Dean Leischer and Dan Eisenhauer posted a couple of links on REINspace that I thought I should share.
The City of Red Deer posted an interactive map that’s worth checking out. It’s an interesting way to see zoning information and several other layers of relevant data.
Dan Eisenhauer pointed out the City of Edmonton’s Maps section which offers quite a bit of information. Some of it I don’t care about. Like this
I’ve gotta put my internet guy hat on for one minute though. Neither work on Firefox without the use of a plugin, which most people can’t figure out. That’s a big problem, because I’ll bet they won’t work with Chrome, Safari, or older versions of Internet Explorer. Further, City of Edmonton, why are you so stupid? Having an entry/landing page that has essentially no text on it, and then opens up a giant window of legal crap is only one step better than causing a pornado. I’ll also bet they’re not paying enough attention to their website to see that link, or to Google their own name and see my post. If they do, I’ll send someone a cookie.
Those are both great applications, and as a real estate investor, I love seeing more information like this shared. However, if you’re going to play in the internet, do it intelligently. In this case, Red Deer wins.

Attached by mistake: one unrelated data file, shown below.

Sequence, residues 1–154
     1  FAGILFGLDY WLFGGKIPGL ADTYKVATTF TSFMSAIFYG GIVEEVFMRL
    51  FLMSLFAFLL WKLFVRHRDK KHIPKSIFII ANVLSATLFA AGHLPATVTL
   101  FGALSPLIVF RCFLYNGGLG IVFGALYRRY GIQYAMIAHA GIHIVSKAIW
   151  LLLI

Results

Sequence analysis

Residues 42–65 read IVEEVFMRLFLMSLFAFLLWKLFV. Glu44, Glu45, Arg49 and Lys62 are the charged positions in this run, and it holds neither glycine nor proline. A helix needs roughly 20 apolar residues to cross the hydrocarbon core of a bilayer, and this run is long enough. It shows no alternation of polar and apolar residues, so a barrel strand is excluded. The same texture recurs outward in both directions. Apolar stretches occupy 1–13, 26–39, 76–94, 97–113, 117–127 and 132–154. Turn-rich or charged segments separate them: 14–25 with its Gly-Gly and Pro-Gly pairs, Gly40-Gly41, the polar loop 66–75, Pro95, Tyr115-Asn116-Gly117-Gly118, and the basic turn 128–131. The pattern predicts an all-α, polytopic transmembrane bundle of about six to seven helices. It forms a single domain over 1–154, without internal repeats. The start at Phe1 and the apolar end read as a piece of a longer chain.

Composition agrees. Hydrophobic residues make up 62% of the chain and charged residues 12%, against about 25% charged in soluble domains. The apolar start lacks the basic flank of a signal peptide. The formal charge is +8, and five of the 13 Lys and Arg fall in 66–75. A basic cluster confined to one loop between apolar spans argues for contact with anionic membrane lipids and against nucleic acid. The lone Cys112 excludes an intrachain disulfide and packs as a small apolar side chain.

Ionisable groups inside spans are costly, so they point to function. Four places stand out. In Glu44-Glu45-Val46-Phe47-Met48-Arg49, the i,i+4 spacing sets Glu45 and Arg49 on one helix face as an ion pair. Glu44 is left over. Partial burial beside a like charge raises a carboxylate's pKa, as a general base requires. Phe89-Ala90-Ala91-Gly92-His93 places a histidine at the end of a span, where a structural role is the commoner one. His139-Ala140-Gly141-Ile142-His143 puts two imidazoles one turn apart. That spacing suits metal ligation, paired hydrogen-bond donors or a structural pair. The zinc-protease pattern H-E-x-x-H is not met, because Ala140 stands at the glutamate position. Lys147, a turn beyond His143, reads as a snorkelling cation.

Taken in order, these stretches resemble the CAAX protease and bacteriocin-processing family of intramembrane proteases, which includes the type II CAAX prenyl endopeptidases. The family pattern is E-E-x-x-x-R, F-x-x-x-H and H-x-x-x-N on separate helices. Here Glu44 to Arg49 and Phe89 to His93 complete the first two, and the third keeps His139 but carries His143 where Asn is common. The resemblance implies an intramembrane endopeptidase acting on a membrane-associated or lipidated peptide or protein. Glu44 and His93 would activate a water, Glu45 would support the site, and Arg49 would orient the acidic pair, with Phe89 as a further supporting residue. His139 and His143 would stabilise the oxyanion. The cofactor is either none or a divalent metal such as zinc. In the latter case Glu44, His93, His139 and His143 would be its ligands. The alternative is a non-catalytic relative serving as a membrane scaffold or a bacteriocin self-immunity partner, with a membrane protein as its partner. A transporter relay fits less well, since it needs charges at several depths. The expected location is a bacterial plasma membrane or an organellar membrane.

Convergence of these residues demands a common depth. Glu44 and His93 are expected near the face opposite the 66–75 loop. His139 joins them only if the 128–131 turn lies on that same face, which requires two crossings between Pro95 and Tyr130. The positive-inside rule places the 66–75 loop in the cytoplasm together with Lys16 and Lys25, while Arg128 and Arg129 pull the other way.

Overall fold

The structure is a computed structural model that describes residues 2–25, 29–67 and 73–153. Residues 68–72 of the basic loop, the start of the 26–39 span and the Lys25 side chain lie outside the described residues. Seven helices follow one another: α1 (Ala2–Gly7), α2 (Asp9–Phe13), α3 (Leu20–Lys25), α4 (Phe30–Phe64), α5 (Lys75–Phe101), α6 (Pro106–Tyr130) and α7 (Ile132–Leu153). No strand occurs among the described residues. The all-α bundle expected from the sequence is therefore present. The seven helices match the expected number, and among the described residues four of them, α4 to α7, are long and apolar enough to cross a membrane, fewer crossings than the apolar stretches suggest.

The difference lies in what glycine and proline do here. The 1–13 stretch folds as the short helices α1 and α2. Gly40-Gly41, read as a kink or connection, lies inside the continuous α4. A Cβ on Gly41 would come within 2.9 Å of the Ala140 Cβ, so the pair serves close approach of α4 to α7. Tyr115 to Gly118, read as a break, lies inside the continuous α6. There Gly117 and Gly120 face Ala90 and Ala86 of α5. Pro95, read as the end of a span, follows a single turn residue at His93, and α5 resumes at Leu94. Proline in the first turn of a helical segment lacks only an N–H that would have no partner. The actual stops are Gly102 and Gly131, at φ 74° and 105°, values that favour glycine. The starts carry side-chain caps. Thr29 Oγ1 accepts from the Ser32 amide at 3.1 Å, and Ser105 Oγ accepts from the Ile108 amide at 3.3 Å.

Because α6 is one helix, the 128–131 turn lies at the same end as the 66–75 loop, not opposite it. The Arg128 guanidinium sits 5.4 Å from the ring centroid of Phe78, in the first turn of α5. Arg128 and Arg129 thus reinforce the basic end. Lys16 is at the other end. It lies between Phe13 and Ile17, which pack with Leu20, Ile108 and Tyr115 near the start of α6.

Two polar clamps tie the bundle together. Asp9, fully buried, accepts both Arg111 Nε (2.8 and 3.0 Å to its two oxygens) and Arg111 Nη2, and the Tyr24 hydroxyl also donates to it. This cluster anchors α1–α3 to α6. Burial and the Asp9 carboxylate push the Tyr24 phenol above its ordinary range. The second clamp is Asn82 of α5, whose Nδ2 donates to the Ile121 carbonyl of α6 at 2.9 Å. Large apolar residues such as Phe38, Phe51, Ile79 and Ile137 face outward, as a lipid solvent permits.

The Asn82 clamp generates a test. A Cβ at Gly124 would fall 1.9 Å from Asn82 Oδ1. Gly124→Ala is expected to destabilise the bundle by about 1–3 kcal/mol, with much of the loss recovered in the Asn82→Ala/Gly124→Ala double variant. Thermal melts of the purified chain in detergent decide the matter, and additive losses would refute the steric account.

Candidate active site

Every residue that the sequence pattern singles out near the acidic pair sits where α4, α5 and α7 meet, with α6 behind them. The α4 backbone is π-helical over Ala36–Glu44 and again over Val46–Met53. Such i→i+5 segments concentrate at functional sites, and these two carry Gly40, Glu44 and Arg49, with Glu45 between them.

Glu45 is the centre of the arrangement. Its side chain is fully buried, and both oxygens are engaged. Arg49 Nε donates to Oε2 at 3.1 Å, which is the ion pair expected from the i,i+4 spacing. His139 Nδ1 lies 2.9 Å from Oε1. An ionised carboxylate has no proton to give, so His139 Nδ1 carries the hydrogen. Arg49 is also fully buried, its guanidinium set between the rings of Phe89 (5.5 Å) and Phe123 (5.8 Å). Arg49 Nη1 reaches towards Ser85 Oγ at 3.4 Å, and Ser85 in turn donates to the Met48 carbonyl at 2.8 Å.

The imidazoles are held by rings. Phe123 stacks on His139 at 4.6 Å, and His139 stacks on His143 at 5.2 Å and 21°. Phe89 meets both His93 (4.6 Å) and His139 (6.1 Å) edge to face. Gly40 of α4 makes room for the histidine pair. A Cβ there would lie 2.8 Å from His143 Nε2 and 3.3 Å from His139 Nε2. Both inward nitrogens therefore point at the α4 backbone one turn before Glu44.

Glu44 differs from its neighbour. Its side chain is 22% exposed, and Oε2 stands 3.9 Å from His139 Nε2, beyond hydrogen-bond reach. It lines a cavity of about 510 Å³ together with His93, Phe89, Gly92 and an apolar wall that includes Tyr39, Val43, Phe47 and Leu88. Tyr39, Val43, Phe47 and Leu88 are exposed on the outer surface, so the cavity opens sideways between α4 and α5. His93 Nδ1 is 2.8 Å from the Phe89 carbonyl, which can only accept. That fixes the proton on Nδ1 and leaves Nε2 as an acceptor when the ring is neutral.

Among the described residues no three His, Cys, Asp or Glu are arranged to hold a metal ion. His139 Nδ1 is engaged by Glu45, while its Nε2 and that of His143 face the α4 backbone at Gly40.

Now I’ll go play with some more maps.
Chris: I saw your post and your comments. The City of Edmonton is redesigning its site and it launches very soon. Check it out after October 2 and let us know what you think. I can’t promise this specific issue will be fixed right away, but we’ll look into it.
P.S. I like chocolate cookies, not the electronic kind.
City of Edmonton
Thanks for the post. I actually told Dan about the Edmonton site, which I use very frequently. I tried Red Deer’s site, but the link didn’t work, so I tried to search it. I found this link, which also didn’t work. Maybe the City of Red Deer is too caught up in their Talk Like a Pirate Day celebrations to worry about site maintenance.
Update: it’s now working!
Investor tip: I use the city maps to find legal descriptions of the property, and then I input that in https://alta.registries.gov.ab.ca where I can do a $5 title search to see exactly who the owner is and what is registered against the property (caveats, restrictive covenants, liens, mortgages, utility rights of way, etc). And for those of you who are penny counters (all of you, I’m sure), $5 is cheaper than you can get it anywhere, because that’s the base fee the government charges.
They’re both great sites. I think that more sites need to be conscious about giving people the ability to navigate directly to a static URL, and be sure their pages look alright on multiple platforms.
$5 title searches are a good deal. I’ve almost always just done mine through TransWest, and I think I was paying $7.50. Great tip!
Thanks for the reply, and you’re just raised my opinion of the City about three points. (In my defense, I once worked as a summer laborer, and wasn’t so impressed by my co-worker)
Static URLs are your best friend, and there’s lots of tools to make dynamic URLs appear static. That’s a great resource for real estate investors though.
Drop me an email and I’ll send cookies, or I’ll drop by next time I’m in Edmonton.